Some HIV providers stop taking Medicare patients

Other local doctors say they’ll follow suit if Congress goes through with  reductions in reimbursement rate

Vasquez.Jaime

Dr. Jaime Vasquez

DAVID TAFFET  |  Staff Writer

Some doctors have opted out of the Medicare system because Congress has threatened to cut reimbursement payments.

Bob Hutchison, 58, has HIV and is disabled from injuries he sustained on the job. He said his HIV is under control, but he needs care for his disability. He receives social security and recently qualified for Medicare. But he can’t find a doctor who’ll treat him.

The Trinity Health and Wellness Clinic can treat Hutchison for his HIV. But the facility isn’t equipped to deal with his other conditions unrelated to the virus.

Last year, Congress proposed cutting Medicare payments by almost 30 percent. A current proposal would cut payments by 27.4 percent.

Some doctors say they were already losing money on Medicare patients, but with the additional cuts they won’t be able to pay their staffs.

Trinity referred Hutchison to Parkland hospital to treat his injuries from a broken back.
But Hutchison lives in Rockwall, which has no public hospital and where residents aren’t eligible for free or sliding scale treatment at the Dallas facility.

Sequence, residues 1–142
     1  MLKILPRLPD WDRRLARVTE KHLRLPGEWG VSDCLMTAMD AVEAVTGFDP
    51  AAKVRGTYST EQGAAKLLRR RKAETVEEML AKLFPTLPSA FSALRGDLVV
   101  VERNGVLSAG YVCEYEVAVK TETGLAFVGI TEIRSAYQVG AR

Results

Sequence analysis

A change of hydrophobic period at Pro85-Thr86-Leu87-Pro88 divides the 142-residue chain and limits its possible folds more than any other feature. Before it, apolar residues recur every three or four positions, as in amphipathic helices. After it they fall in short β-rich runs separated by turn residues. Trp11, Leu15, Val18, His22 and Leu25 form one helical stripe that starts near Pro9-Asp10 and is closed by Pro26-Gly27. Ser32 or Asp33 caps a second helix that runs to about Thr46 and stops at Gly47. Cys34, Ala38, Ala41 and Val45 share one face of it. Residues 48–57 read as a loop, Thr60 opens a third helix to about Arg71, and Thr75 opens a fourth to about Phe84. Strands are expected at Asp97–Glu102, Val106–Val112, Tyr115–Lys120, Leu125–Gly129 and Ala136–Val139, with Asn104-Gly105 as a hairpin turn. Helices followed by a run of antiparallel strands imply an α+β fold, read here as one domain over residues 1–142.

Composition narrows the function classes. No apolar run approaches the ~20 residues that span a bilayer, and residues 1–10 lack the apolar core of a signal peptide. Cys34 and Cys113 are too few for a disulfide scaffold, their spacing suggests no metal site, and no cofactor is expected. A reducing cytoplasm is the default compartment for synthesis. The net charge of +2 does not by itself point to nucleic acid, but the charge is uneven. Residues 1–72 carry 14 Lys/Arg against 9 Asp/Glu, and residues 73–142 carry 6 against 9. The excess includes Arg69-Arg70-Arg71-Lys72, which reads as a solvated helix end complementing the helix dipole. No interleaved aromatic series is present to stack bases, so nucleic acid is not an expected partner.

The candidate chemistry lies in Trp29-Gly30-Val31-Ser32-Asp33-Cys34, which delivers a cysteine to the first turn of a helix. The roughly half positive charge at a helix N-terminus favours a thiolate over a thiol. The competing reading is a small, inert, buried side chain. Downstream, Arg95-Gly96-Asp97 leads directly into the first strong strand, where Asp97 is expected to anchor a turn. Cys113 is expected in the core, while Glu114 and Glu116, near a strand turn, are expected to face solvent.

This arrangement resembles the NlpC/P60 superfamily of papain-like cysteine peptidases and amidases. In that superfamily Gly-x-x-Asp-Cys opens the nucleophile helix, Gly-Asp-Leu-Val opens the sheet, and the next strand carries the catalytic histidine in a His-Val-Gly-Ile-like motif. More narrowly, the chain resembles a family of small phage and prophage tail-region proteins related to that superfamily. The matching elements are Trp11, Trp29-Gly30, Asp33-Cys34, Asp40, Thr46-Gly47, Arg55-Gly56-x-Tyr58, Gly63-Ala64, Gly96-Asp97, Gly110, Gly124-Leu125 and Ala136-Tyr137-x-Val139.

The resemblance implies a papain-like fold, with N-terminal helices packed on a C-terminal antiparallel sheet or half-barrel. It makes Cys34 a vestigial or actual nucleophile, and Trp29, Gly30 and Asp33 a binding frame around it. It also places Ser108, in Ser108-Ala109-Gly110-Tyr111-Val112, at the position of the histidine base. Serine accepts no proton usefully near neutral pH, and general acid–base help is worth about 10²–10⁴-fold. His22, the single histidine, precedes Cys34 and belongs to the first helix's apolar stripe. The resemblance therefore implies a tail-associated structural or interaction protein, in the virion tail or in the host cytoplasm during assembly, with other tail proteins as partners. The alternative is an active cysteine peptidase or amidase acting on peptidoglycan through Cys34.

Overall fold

Hutchison qualified for Medicare because of his disability. That program, known primarily for covering medical costs for people over 65, also covers the disabled.

And unlike patients using private insurance who can go out of network, pay higher rates and bill the provider themselves, Medicare users must use a doctor that accepts the program. An individual cannot choose to pay the doctor in full and then bill the government for reimbursement, even at the lower rate.

Not all Oak Lawn physicians will take new patients on Medicare. What was uniform at their offices this week was a long pause and sigh when asked about the program.

“We’re only taking Medicare from existing patients if they transfer over,” said Rick Porter, a spokesman for Dr. Steven Pounders’ office.
Pounders also has contracted with three Medicare HMOs. He said that as good as one of those plans that his office accepts is, Baylor Hospital doesn’t take it, presenting those patients with another problem.

Porter said an additional problem is that unless a patient with HIV on Medicare has a good Part D prescription plan, it’s hard to switch medications. And if the patient has to change drugs during the year, a plan that covered an existing regimen may not cover the new treatment.

Dr. Jaime Vasquez also continues seeing existing patients who have converted from private insurance to Medicare. New patients on Medicare are accepted on a case-by-case basis.

“We’re keeping a quota,” his office manager said.

She said Vasquez’s office simply can’t afford to take many additional patients with the minimal payment Medicare provides for services — which Congress is threatening to cut further.